Apart from nutrition food have social and pleasure value and during the times we celebrate we need to be flexible and adaptable. The following factors however can cause us to easily go overboard:                                                            

The following FOUR guidelines can you help you to control of what, how much and when you eat

  • Role play the social event even before it actually happens and decide beforehand on how you are going to act taking the above mentioned factors in consideration                                                                                                        
  • Exercise portion control and moderation- avoid second portions
  • Don’t fall in the trap of  “mindless” snacking
  • Try to be more selective when choosing the type of foods you eat.
  • Fill a small plate and step away from the snacking table

Portion control

We should eat slowly which helps significantly in ensuring maximum satisfaction from the food eaten as it takes 20 minutes for your brain to sense the feeling of satisfaction. Be aware when large portions are served – there is no need to finish everything on your plate. Accept that the quantity and variety of foods served will be more then you can consume – try to be SELECTIVE on what you choose to eat.  Enjoy two course meals instead of three course meals.  Leave the excess food on your plate or ask for a “doggie bag” if you wish to consume the dish for another time.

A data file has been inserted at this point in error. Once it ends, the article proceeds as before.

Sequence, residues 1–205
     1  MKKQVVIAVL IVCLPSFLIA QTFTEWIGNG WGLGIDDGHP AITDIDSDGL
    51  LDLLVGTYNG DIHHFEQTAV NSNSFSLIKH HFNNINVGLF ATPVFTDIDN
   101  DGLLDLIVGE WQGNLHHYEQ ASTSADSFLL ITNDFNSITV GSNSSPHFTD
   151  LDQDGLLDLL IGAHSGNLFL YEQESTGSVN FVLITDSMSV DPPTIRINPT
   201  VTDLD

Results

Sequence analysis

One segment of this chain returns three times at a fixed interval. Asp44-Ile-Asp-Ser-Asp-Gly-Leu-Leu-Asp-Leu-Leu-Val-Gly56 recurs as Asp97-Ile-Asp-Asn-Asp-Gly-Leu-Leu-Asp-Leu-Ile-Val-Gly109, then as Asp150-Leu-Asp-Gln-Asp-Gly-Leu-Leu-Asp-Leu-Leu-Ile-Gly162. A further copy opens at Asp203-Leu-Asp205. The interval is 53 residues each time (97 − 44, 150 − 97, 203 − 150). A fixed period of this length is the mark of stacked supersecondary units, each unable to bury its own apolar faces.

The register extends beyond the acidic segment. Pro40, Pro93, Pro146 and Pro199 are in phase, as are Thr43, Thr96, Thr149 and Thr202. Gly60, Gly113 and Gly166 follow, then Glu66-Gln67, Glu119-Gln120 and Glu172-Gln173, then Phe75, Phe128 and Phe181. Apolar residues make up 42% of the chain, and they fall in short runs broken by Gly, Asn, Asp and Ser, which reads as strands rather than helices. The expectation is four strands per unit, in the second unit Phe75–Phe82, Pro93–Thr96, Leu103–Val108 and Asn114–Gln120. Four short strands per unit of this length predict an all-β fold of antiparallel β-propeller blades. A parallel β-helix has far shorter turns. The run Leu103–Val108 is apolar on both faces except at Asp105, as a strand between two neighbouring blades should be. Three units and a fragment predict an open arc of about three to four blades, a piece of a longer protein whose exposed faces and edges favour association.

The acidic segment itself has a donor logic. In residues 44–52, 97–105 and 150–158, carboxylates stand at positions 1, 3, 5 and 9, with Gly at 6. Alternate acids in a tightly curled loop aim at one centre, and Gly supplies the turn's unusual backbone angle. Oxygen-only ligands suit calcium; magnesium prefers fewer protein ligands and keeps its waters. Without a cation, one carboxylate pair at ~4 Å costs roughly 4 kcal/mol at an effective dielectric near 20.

Be aware of “mindless” snacking

We have to consider the types and quantities of the snacks you consume. Table 1 provides the different fat and calorie values of snacks. Although selecting healthier snacks, enjoy small portions and don’t refill the bowl.Healthy snacks you can also offer your guests a fruit and vegetable platter consisting of Rosa tomatoes, baby carrots, pineapple and red apple to be served with a low fat dip. This not only looks colorful and appetizing but is packed with fiber, anti-oxidants and vitamins and minerals. It also offers a low fat value of only 5g and a low energy value of only 350kJ. The table below reflect the unhealthy snacks on the left compared to healthier ones on the right

How to choose at Restaurant or Braai? 

Main Dish Choices: the main objective is to select lean proteins – chicken, fish and plant-based protein in order to lower your intake of calories.                                         

Braai’s: Good choices will be lean protein such as butterflied chicken (remove the skin afterwards) chicken kebabs, lean beef rump/fillet steaks (fat removed) and lean “Beef Sosaties”. Brush the meat with olive / canola oil mixed with herbs and spices or marinades while cooking. In the case of fish, it can be wrapped in foil with onion and tomato. Avoid meats such as ribs, fatty beef, pork, mutton chops, boerewors and sausages. 

Restaurant: Types of meals to order at restaurant: 

  • The “catch of the day” is the best choice for your main meal – served without lemon butter and with fresh lemon wedges instead. 
  • When selecting chicken, remove the skin before eating.